Workplace and Labour Market
Computers and communication technologies allow individuals to communicate with one another in ways complementary to traditional face-to-face, telephonic, and written modes. They enable collaborative work involving distributed communities of actors who seldom, if ever, meet physically. These technologies utilize communication infrastructures that are both global and always up, thus enabling 24-hour activity and asynchronous as well as synchronous interactions among individuals, groups, and organizations. Social interaction in organizations will be affected by use of computers and communication technologies. Peer-to-peer relations across department lines will be enhanced through sharing of information and coordination of activities. Interaction between superiors and subordinates will become more tense because of social control issues raised by the use of computerized monitoring systems, but on the other hand, the use of e-mail will lower the barriers to communications across different status levels, resulting in more uninhibited communications between supervisor and subordinates.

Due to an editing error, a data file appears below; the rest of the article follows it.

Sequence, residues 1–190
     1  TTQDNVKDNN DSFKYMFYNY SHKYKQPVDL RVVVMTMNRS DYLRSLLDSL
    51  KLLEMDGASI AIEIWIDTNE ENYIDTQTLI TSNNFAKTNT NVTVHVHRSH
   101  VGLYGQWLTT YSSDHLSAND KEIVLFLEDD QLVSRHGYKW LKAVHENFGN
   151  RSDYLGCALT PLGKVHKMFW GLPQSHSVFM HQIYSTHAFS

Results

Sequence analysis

That the importance of distance will be reduced by computers and communication technology also favours telecommuting, and thus, has implications for the residence patterns of the citizens. As workers find that they can do most of their work at home rather than in a centralized workplace, the demand for homes in climatically and physically attractive regions would increase. The consequences of such a shift in employment from the suburbs to more remote areas would be profound. Property values would rise in the favoured destinations and fall in the suburbs. Rural, historical, or charming aspects of life and the environment in the newly attractive areas would be threatened. Since most telecommuters would be among the better educated and higher paid, the demand in these areas for high-income and high-status services like gourmet restaurants and clothing boutiques would increase. Also would there be an expansion of services of all types, creating and expanding job opportunities for the local population.